¹⁰ Neo Rauch in conversation with Werner Spies, in: exhibition catalogue Stiftung Frieder Burda u. Werner Spies (Ed.), Neo Rauch, Hatje Cantz Verlag, Stuttgart, 2011, p. 51.
¹¹ Miriam Vlaming quoted in: Norbert Wartig, Fragmente aus einem Atelierbesuch, in: Katalog Kerber Verlag (Ed.), Miriam Vlaming. Vormorgen, Bielefeld, 2007, p. 54.
¹² Miriam Vlaming, in: Interview Im Gespräch Nicola Graef mit Miriam Vlaming, loc. cit., p. 20.
¹³ Inge Herold, I want to be somewhere else, in: exhibition catalogue Kunsthalle Mannheim (Ed.), You promised me, Kerber Verlag, Bielefeld, 2008, cf. p. 7.
¹⁴ Norbert Wartig, Fragmente aus einem Atelierbesuch, loc. cit., cf. p. 54.
¹⁵ Ibid., cf. p. 54.
¹⁶ Inge Herold, I want to be somewhere else, loc. cit., cf. p. 9., Memento Mori means: “Be aware of your mortality”.
¹⁷ Martin Seel, Ästhetik des Erscheinens, Carl Hanser Verlag, München Wien, 5. Edition, 2016, p. 188.
¹⁸ Ibid., p. 190.
¹⁹ Manfred Lurker, Wörterbuch der Symbolik, Alfred Kröner Verlag, Stuttgart, 1988, cf. p. 792 f.
²⁰ Miriam Vlaming quoted in: Norbert Wartig, Fragmente aus einem Atelierbesuch, loc. cit., p. 55.
²¹ Marin Oswald, Vertigo. Malerei zwischen Himmel und Erde, in: Katalog Kerber Verlag (Ed.), Vertigo, Bielefeld, 2019, Berlin, p. 11.
²² Eduard Beaucamp, Den Traum der Kunst weitergeträumt; in: exhibition catalogue Stiftung Frieder Burda u. Werner Spies (Ed.), Neo Rauch, loc.. cit., cf. p. 146.
²³ Susanne Altmann, Feldforschung in »Eden«, in: Katalog Miriam Vlaming. Human Nature, loc. cit., cf. p. 14.
²⁴ Martin Seel, Ästhetik des Erscheinens, loc. cit. , p. 244 f.
²⁵ Ibid., p. 245.
Ute Bopp-Schumacher, 2022
from the catalogue: Dr. Ute Bopp-Schumacher, Wandlungen, Kerber Verlag, Bielefeld, 2022
Field Research in “Eden” | by Susanne Altmann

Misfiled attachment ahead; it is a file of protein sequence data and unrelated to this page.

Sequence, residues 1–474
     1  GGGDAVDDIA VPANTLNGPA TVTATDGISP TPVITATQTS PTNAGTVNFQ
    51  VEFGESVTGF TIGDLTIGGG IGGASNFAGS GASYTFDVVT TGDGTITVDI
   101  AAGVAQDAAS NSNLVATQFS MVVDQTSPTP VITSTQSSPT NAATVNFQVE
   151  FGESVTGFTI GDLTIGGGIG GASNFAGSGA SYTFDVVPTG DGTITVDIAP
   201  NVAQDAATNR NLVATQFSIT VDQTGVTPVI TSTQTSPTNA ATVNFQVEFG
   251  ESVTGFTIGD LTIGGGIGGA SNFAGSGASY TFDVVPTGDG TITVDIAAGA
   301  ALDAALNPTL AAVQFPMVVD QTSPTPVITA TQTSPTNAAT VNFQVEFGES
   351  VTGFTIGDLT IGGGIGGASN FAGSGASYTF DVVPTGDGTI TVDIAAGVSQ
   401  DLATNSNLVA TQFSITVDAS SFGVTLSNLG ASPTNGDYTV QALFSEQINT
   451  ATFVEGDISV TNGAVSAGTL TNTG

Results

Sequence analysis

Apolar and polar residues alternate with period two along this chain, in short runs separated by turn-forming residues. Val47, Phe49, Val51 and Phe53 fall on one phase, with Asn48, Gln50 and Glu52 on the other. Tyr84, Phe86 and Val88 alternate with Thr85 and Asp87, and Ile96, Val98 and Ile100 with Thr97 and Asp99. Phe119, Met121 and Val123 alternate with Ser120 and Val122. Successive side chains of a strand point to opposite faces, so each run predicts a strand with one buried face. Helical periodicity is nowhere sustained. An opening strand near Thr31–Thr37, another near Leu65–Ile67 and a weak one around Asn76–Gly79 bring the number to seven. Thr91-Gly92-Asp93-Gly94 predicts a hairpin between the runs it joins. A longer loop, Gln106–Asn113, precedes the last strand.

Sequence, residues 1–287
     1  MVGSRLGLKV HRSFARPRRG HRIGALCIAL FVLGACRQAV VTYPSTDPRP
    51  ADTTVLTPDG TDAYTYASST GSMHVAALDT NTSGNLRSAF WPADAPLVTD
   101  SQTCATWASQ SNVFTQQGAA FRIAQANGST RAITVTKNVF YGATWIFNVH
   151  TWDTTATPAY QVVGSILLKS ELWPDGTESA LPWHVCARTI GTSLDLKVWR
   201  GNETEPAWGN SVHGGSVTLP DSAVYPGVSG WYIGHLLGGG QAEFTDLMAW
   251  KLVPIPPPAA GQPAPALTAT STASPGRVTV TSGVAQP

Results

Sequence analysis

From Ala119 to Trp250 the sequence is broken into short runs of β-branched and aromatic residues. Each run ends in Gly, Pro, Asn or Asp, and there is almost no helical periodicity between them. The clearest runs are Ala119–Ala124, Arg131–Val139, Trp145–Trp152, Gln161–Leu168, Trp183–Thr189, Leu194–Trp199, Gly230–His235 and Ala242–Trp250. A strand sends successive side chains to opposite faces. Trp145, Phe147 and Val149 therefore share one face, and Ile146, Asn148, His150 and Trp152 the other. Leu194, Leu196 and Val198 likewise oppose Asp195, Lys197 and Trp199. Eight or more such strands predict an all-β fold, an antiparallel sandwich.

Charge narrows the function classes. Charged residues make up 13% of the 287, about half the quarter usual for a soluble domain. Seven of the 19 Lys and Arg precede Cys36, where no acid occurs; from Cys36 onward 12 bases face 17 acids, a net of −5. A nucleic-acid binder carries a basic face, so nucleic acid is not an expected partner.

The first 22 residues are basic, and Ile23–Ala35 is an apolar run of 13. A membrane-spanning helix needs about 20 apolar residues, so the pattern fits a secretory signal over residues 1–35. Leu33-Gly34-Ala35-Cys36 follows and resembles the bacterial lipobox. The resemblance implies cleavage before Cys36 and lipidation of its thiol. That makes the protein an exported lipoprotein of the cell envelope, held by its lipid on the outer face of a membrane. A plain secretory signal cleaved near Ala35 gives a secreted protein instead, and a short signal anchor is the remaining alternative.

Miriam Vlaming has worked as a visual anthropologist for a long time, using photographic models. Family portraits and photos of various groups in supposedly idyllic domestic settings, along with ordinary decorative artefacts, marginal architectural forms, and garden structures, all form part of her repertoire. Her artistic interpretations emphasise, disguise or display these motifs, and comment on them. However, she has never been distracted by narrative content, and remains passionate about painting. In my opinion, if Vlaming was forced to make a choice, she would always sacrifice the readability of her paintings on the altar of manual dexterity with regard to the independent existence of her forms, and her experiments with light and color. She continues to attack surfaces that are far too idyllic, and pres- ents her canvas effectively as a palimpsest of damage and unformulated scraps of memory. With regard to the genealogy of the Leipzig group of gu- rative artists, Vlaming holds a special position – because her compositions draw the viewer into a dynamic swirl of non-representational elements. In this respect, Vlaming remains true to herself in Eden, her latest production, and it would be doing her an injustice to concentrate solely on her protagonists’ exotic phenotype. Nevertheless, this current cycle empha- sises Miriam Vlaming’s interest in the unknown »other«. This could be matter of some delicacy, if considered within the debate on postcolonial image worlds. A debate which, if conducted within the limits of strict political correctness, would preclude all artistic delight in exotic themes. As philosopher and curator Wolfgang Scheppe has demonstrated impressively in his exhibition »Surveying the Non-Human. On the Aesthetics of Racism«, these images are especially charged with the need to be debated. These documents always re ect the dubious norms of Western world trav- ellers who saw themselves as researchers, mainly in the 19th century. In his exhibition, Scheppe provides critical criteria for judging the obsessionnal pictorial material collected by disputed ethnologist Bernhard Struck (1888– 1971) as follows: »The measurable as benchmark«, and again, »The phantasm of primitivism« and, yet again, »Scientific voyeurism and ethno-pornography« (1). However, Scheppe’s specifically artistic interpretations of those inevitably racist and historical views, which continue to make an impact today, reveal the impossibility of applying these pseudo-scienti c mechanisms to the pictorial evidence. It is only by confronting their richness as part of an art project does one gain an insight into the depths of those assumptions. To this extent, Miriam Vlaming’s work can be evaluated as rigorous, highly re ec- tive, and almost pioneering, since she is entering a mine eld that is strewn with such subjects, with her pictorial re-appropriations. This, surely, is a real balancing act: the way we view the »other« or the »different« has always been an unalianable part of creative production. We need only consider the fascination that the Expressionist Brücke painters felt for African masks, and for woodcarvings from the South Paci c, or the way that French Avant- garde artists expressed their longing for Eastern culture. As attractive as these approaches may have been, they always involved contemporary illusions about a paradise that – in Western civilisation – only existed as a hegemonic projection. A paradise with no quotation marks. When Miriam Vlaming is working with the term »Eden« today, she carries this ambivalence between astonishment and sarcasm in her baggage. Having begun with her well-tried method of including existing pictures in her paintings, she now includes cul- tural and ethnic references. In her subject material, she quotes from the images produced by the »white man« and his camera. In her case, however, instead of making a critical comment, the painting takes over. As for instance in Initiation (2016), when she obscures seemingly aboriginal dancers by using arabesques à la Matisse together with opulent ornamental shapes. She uses almost exaggerated patches of forms and colours as in Uncle Freak (2016), when she allows a masked male couple to step out of a jungle of pat- terns – as if liberating themselves from a symbolical web of exotic references. Miriam Vlaming vehemently re-establishes the autonomy of the people who were portrayed, who are looking into the lens with justi able mistrust or open willingness. She emphasises the foreign and sinister aspects, and creates a new, self-con dent aura that cleverly subverts our Western stereotypes. Aggressively, and ironically exaggerated masks and costumes as in Uncle Freak or Initiation appear to reverse roles. Viewers may feel slightly uncomfortable, almost as if they are being observed themselves. Her com- positions of patterns, vegetation and visual hyperboles serve to re-frame her subjects, and provide a new frame. According to anthropologist Christopher Pinney, she is looking through a kind of »anti-camera« and selecting a technology of depiction that is the opposite of photography (2). Unlike many other conceptual artists who work in this eld, Miriram Vlaming does not start with theories. She does not need them. She achieves her powerful and highly relevant results solely through her painter’s intuition. She succeeds both in re-capturing a mine eld that is stewn with hazardous discourse, and in emancipating ethnographic photo-documents from the dubious conditions in which they were created. The closest she gets to a conscious take on critical re ection is with her Human Nature series, in which she paraphrases the arbitrariness of gender and ethnic identities in 12 variations on one face. The tiniest variations in complexions, lips, noses and eyelids automatically involve us in a process of classification. Miriam Vlaming skilfully transfers the viewer’s own, superficial prejudices: prejudices that often involve automatically exaggerating differences instead of establishing similarities. That said, the way she aligns her subjects recalls the popular phrenological plastercasts of non-European faces which used to be produced for public collections of anthropological and zoological (sic!) specimens. Those cynical masks had no other purpose but that of demonstrating, through their sheer quantity, various derivations from standard notions of biological superiority. While concentrating on producing whole series of these portrait- busts, the individuals involved were forgotten. Often, the facemasks did not cover the entire skull so that the parts around the face were left unmoulded, as a sort of symbolic gap (3). In addition to a certain aesthetic of ludicrous racial ideologies, which we only become aware of when we see these heads, Miriam Vlaming seems to be referring to those critical gaps when creating the ctitious physiognomy in Human Nature – not as a portrait painting, but by extending the parts that have been made incarnate to the margins of her small canvases. This artistic solution appears to point at this absurd and inhuman way of treating individuals as anonymous subjects for study. Painting as critical comment. Given the current heated debate about the »other« and its perceived threat, this comparatively reticent series acts as an appeal to common sense. In this sense, Human Nature can be read as a leitmotif that promises a vision of a future, global »Eden«. This much Utopia should be allowed.